The game of Craps played with cards is played exactly as is Craps with dice. The table layout is the same (with the possible addition of two colored boxes that determine the shoe to be used. You can also bet on those colored boxes.

The casino uses cards numbered ace through six (1 - 6) instead of dice. They also use a shuffle machine known as a "constant shuffle machine" because they don't bury cards as they are exposed, instead, they are immediately returned to the shuffle machine (that's why it's called constant). The same cards used to get a point on the come out roll may not be available to be drawn again until a new shelf is hit, making it disproportionately likely to throw a seven instead, resulting in a win for the wrong bettor. Remember that fact - we'll use it later.

After the point is established, two more cards are dealt to represent the next roll of the dice. That continues until the point is made or the "shooter" sevens out.

For the purpose of this article, I'm not going into the rules and/or strategies of the game of Craps. I'm assuming you already know them, and the purpose of this article is to point out differences and similarities of the Craps game played with cards as opposed to the dice Craps game.

The short and very sweet difference between the two is this: there is a very distinct and big advantage to playing Craps with cards if you are a "wrong bettor". You, the player, actually have the advantage over the casino and that is not found in any other game nor in any dice version of Craps.

Conversely there is a bigger advantage for the house if you're a "right bettor".

Is there any question as to how you should play the card version of Craps? The answer is obvious - you must be a wrong bettor. Put aside all objections you ever had to betting with the house and against the shooter. You are playing Craps to make money - not friends.

Why are the wrong bettors now in a position of positive odds? In other words, why do we players have an advantage over the casino? That's unheard of - after all, there are strategies that get the house advantage down towards "0" where the house advantage is small (in dice Craps as well as in other games), but nowhere at any time has the player actually had the advantage over the house - until now.

Here's the amazing news:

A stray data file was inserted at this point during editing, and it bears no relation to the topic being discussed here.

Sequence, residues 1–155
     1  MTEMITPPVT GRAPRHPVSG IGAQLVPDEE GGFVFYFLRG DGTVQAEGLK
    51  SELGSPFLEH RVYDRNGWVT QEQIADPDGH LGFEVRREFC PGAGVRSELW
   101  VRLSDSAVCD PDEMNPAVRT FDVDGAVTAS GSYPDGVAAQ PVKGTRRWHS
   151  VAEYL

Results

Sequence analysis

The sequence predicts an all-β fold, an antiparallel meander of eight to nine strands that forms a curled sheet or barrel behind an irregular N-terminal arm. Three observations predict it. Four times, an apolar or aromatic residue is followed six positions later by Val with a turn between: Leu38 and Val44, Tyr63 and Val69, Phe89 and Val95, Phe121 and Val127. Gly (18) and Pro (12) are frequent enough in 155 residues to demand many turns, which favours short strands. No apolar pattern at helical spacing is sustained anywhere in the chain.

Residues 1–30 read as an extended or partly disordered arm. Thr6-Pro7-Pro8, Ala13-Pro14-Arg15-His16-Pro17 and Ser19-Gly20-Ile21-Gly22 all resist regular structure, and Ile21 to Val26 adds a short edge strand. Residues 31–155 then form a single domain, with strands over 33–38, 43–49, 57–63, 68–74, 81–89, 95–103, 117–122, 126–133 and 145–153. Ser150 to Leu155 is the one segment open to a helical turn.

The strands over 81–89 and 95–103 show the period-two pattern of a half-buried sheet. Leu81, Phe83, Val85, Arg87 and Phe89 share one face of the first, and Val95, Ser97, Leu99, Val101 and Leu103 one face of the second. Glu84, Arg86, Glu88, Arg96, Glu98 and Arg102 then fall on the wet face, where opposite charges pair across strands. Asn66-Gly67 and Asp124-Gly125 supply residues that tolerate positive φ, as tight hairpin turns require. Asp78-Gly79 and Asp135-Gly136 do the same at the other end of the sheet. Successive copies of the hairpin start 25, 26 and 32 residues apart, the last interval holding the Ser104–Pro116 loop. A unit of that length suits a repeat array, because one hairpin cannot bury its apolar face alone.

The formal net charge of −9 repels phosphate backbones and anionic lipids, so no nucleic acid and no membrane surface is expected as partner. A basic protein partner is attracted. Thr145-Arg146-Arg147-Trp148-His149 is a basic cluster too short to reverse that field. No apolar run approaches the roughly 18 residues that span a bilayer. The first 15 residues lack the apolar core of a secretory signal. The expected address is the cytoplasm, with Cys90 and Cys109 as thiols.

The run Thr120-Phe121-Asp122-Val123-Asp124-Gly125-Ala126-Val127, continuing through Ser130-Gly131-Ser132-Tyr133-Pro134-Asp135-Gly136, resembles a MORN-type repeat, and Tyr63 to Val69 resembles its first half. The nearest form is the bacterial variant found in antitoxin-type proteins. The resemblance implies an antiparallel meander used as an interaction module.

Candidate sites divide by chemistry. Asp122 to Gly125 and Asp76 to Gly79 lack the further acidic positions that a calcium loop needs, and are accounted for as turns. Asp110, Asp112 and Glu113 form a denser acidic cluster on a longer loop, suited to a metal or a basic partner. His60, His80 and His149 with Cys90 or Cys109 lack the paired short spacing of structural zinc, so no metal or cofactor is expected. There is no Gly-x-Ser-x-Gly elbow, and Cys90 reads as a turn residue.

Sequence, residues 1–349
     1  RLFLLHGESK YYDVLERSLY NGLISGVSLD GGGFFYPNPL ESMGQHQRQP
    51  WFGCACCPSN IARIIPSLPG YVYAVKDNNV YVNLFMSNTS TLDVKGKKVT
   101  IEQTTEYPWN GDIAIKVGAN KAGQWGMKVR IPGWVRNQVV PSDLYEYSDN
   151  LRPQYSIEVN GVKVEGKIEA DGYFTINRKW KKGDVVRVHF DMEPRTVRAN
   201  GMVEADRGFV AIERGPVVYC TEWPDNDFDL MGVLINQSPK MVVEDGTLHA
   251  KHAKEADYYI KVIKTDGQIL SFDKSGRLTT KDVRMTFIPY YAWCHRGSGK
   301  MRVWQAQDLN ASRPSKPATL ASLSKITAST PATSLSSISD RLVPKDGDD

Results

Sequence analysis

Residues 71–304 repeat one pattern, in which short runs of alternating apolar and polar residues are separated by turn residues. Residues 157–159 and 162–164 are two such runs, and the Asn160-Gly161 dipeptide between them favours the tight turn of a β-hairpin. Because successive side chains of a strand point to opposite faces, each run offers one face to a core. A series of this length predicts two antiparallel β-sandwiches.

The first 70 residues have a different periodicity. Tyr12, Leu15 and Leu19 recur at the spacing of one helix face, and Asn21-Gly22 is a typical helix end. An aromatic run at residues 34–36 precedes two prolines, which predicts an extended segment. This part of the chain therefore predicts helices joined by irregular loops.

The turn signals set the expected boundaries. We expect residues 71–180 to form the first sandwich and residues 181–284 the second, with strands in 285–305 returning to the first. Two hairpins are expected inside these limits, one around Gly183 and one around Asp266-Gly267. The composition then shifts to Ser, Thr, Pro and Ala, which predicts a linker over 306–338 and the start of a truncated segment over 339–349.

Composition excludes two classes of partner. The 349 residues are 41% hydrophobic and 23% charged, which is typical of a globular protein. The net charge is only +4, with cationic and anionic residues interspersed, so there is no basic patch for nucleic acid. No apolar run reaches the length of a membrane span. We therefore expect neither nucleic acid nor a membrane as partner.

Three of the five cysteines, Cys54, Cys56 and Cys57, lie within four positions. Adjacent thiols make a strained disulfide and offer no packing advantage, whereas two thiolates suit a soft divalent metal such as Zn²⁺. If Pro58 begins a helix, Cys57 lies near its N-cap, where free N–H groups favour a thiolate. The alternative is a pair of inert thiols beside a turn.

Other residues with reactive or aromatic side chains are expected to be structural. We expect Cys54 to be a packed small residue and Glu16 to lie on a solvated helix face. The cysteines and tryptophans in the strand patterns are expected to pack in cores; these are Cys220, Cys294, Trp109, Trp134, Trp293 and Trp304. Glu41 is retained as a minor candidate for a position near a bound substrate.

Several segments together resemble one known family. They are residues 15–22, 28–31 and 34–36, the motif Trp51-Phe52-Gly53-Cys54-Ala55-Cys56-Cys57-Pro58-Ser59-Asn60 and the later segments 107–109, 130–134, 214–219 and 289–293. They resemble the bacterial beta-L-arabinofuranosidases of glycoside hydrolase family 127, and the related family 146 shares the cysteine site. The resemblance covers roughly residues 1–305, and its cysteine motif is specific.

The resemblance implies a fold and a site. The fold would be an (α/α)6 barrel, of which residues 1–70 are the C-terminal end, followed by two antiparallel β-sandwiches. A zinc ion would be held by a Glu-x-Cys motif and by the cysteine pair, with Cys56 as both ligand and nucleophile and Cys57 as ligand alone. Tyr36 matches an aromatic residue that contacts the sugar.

first, as stated above, the cards that established the point cannot be used again during a shooter's attempts to make the point. This makes a seven even more likely to come up before the point, resulting in a win. That's important, but that's not the best part...

In a game of Craps played with dice, laying odds is the way we get the overall odds against winning down to the lowest (best) number possible. That means we can reduce the house advantage to near zero.

However, in a game of Craps played with cards, by knowing when to lay odds against a number and how much to lay against a number, we get the odds down, past zero and into a very healthy advantage for the player. Here are the numbers:

laying odds against a 4 or 10 in a dice Craps game, results in zero advantage to the house (after figuring the don't pass and or the don't come - the actual odds give the advantage to the house: 1.364)

but, laying odds against the 4 or 10 in a card Craps game has the house advantage at -0.253. Yep - that is a negative number, and thus the advantage goes to the player - absolutely unheard of! California casinos like the Viejas in San Diego generously offer 10x odds (up to $1,000 winnings), so you should take full advantage of maximum odds against a 4 and 10.

Laying odds against a 5 or 9 in both games remains at zero - no advantage to the house nor to the player. So, lay your "normal" odds against a 5 or 9.

Laying odds against a 6 or 8 in a dice Craps game, results in zero advantage to the house.

But, laying odds against the 6 or 8 in a card Craps game has the house advantage at -0.207. Yep, another advantage for the player! Again, in California, lay maximum odds.